Is housing more politically important than the NHS?

Originally posted for Inside Housing on February 13.

When you’re used to seeing things up close sometimes it makes sense to take a step back and look at the bigger picture.

Just such a macro look at housing comes in the latest episode of one of my favourite podcasts.

This week’s episode of Talking Politics is about what it calls ‘the fundamentals’, the factors that influence the politics of voters’ everyday that seem to outside the control of the politicians

The discussion starts with two propositions that are startling not just in themselves but also because they come from Cambridge academics who are more used to talking about Brexit and Trump than housing affordability and housebuilding.

The first is that housing is more politically important to the government than the NHS. Following on from that, the second is that if Jeremy Corbyn wins the next election housing will be the main reason why.

The starting point is two graphs in a new book, What’s Left Now? by politics professor Andrew Hindmoor, on the future of the social democracy that describes housing as the one unequivocal policy failure over the last 40 years.

These show changes in shares of final income spent by the richest and poorest households between 1961 and now.

The share of the richest 5% has declined from just over to just under 10%while the share of the poorest 5% has risen from 15% to 45%, which is said to make housing the biggest driver of inequality over that period.

With those kinds of figures in mind, it’s hardly surprising that anything that governments can do about the cost of living will have limited impact without tackling housing.

So how have the politicians allowed this to happen? Partly, argues Helen Thompson on the podcast, because they don’t know how to stop it happening.

One of the problems with housing is that anything governments do to help one group, say home owners, tends to hurt others, like renters. It’s difficult to find something that helps everyone.

Another, argues David Runciman, is that our first-past-the-post political system is ill-equipped to deal with issues like housing.

At a national level, there is an incentive for constituency-based MPs to support campaigns against housebuilding by the homeowning majority.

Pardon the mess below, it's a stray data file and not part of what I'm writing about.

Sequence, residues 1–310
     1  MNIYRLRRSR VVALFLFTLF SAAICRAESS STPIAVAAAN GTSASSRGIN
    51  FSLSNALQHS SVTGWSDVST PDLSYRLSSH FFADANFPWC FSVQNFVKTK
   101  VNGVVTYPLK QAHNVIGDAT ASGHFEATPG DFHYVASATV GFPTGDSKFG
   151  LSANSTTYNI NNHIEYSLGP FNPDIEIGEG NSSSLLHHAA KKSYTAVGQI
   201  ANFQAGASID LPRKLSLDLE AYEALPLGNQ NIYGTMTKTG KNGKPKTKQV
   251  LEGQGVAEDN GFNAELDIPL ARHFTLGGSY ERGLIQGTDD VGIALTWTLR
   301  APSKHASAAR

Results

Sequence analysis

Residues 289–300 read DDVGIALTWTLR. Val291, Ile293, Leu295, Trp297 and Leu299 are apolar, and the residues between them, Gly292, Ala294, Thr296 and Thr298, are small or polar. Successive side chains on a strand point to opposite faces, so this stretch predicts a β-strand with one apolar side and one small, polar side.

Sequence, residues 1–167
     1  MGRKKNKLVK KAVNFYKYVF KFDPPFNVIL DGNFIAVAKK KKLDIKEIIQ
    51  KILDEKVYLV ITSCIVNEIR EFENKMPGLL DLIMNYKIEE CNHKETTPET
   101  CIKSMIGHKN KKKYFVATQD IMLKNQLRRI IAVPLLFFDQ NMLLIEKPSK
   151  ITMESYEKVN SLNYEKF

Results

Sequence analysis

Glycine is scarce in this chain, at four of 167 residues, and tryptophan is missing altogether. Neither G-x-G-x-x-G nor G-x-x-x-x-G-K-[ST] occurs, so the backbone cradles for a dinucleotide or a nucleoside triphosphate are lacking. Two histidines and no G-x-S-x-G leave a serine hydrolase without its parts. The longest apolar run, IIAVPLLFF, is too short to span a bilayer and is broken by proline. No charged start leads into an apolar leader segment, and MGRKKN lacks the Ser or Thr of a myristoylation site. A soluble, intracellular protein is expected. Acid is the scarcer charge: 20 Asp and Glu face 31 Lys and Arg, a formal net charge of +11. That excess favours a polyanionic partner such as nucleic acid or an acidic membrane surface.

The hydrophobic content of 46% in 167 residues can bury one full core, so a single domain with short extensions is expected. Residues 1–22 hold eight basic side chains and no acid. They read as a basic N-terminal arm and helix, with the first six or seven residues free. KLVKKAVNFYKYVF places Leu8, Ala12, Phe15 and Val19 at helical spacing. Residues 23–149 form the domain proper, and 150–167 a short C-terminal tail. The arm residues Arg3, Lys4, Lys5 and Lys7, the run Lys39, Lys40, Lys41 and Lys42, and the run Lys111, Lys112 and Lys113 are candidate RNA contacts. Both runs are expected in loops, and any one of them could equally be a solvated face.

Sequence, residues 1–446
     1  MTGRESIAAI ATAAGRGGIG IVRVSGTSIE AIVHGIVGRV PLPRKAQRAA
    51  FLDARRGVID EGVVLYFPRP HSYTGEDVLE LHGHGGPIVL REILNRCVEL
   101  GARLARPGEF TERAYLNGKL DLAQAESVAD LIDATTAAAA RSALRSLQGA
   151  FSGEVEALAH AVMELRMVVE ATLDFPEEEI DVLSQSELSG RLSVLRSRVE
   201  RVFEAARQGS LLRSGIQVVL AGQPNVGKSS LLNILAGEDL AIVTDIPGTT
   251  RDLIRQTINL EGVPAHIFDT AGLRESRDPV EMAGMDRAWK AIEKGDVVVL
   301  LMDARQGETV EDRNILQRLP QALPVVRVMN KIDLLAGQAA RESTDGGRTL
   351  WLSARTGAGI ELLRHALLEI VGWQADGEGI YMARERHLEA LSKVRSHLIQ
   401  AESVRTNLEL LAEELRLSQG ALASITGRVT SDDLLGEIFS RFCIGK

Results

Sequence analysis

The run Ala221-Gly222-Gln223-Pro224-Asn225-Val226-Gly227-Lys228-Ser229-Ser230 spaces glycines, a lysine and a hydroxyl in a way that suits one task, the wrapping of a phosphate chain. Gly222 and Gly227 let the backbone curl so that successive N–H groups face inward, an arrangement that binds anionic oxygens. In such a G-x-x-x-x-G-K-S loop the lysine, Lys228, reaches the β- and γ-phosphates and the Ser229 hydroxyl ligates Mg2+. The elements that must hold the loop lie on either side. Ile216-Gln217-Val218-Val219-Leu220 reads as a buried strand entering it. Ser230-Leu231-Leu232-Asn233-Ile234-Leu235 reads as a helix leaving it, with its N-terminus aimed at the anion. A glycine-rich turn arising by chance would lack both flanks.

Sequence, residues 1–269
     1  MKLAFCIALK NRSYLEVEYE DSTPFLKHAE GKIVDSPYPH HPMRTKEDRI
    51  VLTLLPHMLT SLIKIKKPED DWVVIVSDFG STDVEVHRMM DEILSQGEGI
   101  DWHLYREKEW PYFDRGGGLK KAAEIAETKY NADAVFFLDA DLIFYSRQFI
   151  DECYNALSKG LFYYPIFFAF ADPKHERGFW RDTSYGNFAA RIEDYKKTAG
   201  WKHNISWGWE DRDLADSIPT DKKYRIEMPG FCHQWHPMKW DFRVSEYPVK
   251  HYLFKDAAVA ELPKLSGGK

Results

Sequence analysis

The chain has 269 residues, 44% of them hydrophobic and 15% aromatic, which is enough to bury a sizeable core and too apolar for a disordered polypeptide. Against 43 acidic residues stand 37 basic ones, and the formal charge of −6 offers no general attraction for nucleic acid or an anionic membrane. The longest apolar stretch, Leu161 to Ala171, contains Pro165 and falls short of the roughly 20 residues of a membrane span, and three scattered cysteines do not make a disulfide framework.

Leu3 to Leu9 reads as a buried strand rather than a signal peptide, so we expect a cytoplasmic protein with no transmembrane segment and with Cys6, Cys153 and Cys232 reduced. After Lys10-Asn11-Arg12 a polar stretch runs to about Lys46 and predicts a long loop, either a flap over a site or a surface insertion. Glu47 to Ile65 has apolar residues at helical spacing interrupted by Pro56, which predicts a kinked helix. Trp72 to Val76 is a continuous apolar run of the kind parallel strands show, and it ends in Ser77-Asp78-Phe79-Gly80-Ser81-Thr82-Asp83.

At a local level, many councils are one-party fiefdoms. One consequence of that is that opposition to the regeneration schemes of inner London councils has had to come from within the Labour party.

Looked at from the other end of the telescope, you can quibble with some of this analysis – for starters, the panelists do not seem to be aware of housing associations.

The aggregated figures ignore huge differences between different areas and different generations and they may also reflect changes in incomes as well as house prices and rents and the huge fall in mortgage interest rates since 2008.

And housing tenure has changed dramatically. We have seen a huge rise in outright ownership, leaving many people with minimal housing costs depending on how they are measured.

If they are retired they may have low incomes but huge housing wealth.

The increase in costs at the bottom end of the income scale reflects the switch to private renting, the end of rent regulation and (for the most part) a policy of increasing social rents by more than inflation

That said, the big picture reveals some things that may not so clear from close up – and similarities between what’s happening in the UK and elsewhere.

Globalisation has brought action against foreign ownership of housing in Canada, Australia and (especially) New Zealand while the countries with the most financialised economies have the biggest housing problems.

And, after covering Trump and the state of the American economy and the ups and downs of the stock market, the podcasts comes back to a key point to bear in mind about housing in the future.

If housing does help Jeremy Corbyn to election victory, Labour could be taking power in very a very different economic climate to now.

One of the main reasons for all that stock market volatility is a fear that interest rates could be about to rise more quickly than expected and the era of cheap money may be over.

If that in turn raises the cost of borrowing for national governments, that could have a big effect on Labour plans for a housing programme (as well as renationalisation of public services) that can for the moment be presented as cost-free.

The podcast rightly identifies 1997 as one moment when housing could have taken a different turn.

Before that election Labour was apparently committed to increasing investment and freeing council housing from years of cuts and controls under the Conservatives but in power it did neither.

But it’s equally clear now that 2010 was another opportunity missed. A government that wanted to tackle the housing crisis would have seen the opportunity to borrow to invest in new homes at extraordinarily low interest rates.

Instead, we got Cameron and Osborne, 60% cuts in investment and a deepening housing crisis –and then Theresa May and a ‘council house revolution’ that turned out to be £2 billion recycled from other programmes.

There are many who want to go further even in her own Cabinet but those 40 years of failure are stretching towards 50.

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